Lower risk of diabetes with healthy plant-based diets

Lower risk of diabetes with healthy plant-based diets
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A new study finds that following healthy plant-based diets can reduce the risk of developing type 2 diabetes in generally healthy individuals.

Plant-based diets emphasise foods derived from plants such as fruit, vegetables and grains. This diet has a range of health benefits, such as supporting the immune system, and lowering inflammation and now, new research has uncovered the potential effects of plant-based diets on diabetes risk.

The study was conducted by Professor Frank Hu and colleagues at the Department of Nutrition, Harvard T.H. Chan School of Public Health, Boston, MA, USA, and aimed to identify the metabolite profiles related to different plant-based diets and investigate possible associations between those profiles and the risk of developing type 2 diabetes.

The new research was published in Diabetologia, the journal of the European Association for the Study of Diabetes (EASD).

Type 2 diabetes: a global health concern

The research team analysed metabolite, which is a substance used or produced by the chemical processes in a living organism. Research advances in technology in metabolomics profiling, and the comprehensive analysis and identification of different metabolites, have allowed for new nutritional research.

Over 90% of diabetes cases are the type 2 form, and the condition continues to threaten the health of the global population. The diabetes burden is primarily caused by unhealthy diets, being overweight, genetic predisposition and lifestyle factors such as lack of exercise. The association between plant-based diets and type 2 diabetes (T2D) is known, but the underlying mechanism is understudied.

Plant-based diets and diabetes

The research team analysed blood plasma samples and dietary intake of 10,684 participants from three prospective cohorts (Nurses’ Health Study, Nurses’ Health Study II and Health Professionals Follow-up Study). The participants were mostly white, middle-aged (mean age 54 years) and with a mean body mass index of 25.6kg/m2.

The participants partook in food frequency questionnaires (FFQs) which were scored against three plant-based diets, including an overall Plant-based Diet Index (PDI), a healthy Plant-based Diet Index (hPDI), and an unhealthy Plant-Based Diet Index (uPDI). The diets indices were based on the intake of 18 food groups:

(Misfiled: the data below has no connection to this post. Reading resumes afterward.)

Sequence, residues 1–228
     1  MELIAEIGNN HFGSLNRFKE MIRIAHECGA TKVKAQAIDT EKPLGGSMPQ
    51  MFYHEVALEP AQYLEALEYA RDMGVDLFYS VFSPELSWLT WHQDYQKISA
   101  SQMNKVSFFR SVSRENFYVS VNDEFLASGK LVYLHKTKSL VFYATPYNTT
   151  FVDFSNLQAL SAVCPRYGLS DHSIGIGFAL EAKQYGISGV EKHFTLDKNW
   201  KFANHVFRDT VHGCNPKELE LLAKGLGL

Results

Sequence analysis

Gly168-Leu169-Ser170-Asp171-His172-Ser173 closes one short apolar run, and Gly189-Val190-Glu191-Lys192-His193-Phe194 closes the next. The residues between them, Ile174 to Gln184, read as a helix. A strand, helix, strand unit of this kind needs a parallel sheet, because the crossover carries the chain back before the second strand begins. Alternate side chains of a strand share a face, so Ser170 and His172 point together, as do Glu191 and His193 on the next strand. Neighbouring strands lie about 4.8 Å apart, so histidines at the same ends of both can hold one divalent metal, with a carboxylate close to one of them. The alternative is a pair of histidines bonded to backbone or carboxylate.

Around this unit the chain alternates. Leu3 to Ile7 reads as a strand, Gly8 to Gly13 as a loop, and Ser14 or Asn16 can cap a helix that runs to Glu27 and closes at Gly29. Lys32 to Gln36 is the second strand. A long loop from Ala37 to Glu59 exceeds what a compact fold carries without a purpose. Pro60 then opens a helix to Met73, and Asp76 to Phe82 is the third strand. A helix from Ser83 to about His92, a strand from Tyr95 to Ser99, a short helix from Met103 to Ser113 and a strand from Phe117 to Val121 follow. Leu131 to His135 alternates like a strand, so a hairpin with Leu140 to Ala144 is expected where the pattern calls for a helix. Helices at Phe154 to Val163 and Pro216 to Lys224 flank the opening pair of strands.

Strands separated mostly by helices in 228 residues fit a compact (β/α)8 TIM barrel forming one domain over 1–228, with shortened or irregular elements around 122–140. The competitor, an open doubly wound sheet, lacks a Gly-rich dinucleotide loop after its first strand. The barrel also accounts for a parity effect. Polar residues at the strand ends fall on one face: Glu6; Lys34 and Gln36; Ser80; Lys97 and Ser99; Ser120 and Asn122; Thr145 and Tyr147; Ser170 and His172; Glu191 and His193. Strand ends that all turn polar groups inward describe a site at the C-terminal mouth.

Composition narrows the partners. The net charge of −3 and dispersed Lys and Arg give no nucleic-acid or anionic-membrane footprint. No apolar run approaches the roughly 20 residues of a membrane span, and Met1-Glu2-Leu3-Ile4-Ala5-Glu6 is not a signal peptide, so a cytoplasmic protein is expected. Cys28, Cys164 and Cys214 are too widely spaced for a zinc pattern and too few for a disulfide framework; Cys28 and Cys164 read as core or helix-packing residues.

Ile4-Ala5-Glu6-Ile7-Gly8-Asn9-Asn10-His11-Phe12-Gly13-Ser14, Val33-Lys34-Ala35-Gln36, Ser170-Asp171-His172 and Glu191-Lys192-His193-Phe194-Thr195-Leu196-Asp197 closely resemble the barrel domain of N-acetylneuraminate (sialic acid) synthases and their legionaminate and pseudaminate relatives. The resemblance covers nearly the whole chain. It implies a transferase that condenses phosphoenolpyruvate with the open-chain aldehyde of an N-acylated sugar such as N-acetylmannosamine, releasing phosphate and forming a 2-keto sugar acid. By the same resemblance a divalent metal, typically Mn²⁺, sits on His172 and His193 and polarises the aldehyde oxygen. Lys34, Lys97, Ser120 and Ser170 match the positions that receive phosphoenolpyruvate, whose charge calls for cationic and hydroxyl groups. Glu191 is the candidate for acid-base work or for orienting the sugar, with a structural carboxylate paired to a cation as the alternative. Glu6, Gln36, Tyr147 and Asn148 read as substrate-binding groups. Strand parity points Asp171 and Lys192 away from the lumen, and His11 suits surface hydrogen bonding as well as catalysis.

• Healthy plant foods (whole grains, fruits, vegetables, nuts, legumes, vegetable oils, and tea/coffee);
  • Unhealthy plant foods (refined grains, fruit juices, potatoes, sugar-sweetened beverages, and sweets/desserts);
  • Animal foods (animal fats, dairy, eggs, fish/seafood, meat, and miscellaneous animal-based foods).

The team distinguished between healthy and unhealthy plant foods according to their association with T2D, cardiovascular disease, certain cancers, and other conditions, including obesity and high blood pressure.

The research team tested blood samples from the 1980s and 1990s in the early phase of the studies the participants were recruited from. This was in order to create metabolite profile scores for the participants and record any incidents of T2D. Analyses of these data, together with the diet index scores, enabled the team to find any correlations between metabolite profile, diet index, and T2D risk.

The findings of the study

The study found that compared with participants who did not develop T2D, those who were diagnosed with the disease during follow-up had a lower intake of healthy plant-based foods, as well as lower scores for PDI and hPDI. In addition, they had a higher average BMI and were more likely to have high blood pressure and cholesterol levels, use blood pressure and cholesterol drugs, have a family history of diabetes, and be less physically active.

Furthermore, the data revealed that plant-based diets were associated with unique multi-metabolite profiles and that these patterns differed significantly between the healthy and unhealthy plant-based diets. In addition, metabolite profile scores for both the overall plant-based diet and the healthy plant-based diet were inversely associated with incident T2D in a generally healthy population, independent of BMI, and other diabetes risk factors, while no association was observed for the unhealthy plant-based diet. As a result, higher metabolite profile scores for PDI and hPDI indicated both closer adherence to those diets and having a lower risk of developing T2D.

However, further analysis revealed that after adjusting for levels of trigonelline, hippurate, isoleucine, a small set of triacylglycerols (TAGs), and several other intermediate metabolites, the association between plant-based diets and T2D largely disappeared, suggesting that they might play a key role in linking those diets to incident diabetes.

Professor Hu explained: “While it is difficult to tease out the contributions of individual foods because they were analysed together as a pattern, individual metabolites from consumption of polyphenol-rich plant foods like fruits, vegetables, coffee, and legumes are all closely linked to a healthy plant-based diet and lower risk of diabetes.”

The authors concluded: “Our findings support the beneficial role of healthy plant-based diets in diabetes prevention and provide new insights for future investigation…our findings regarding the intermediate metabolites are at the moment intriguing, but further studies are needed to confirm their causal role in the associations of plant-based diets and the risk of developing type 2 diabetes.”

Since they only collected blood samples at one point in time, the authors also believe that long-term repeated metabolomics data are needed to understand how dietary changes relate to changes in metabolome, thereby influencing T2D risk.


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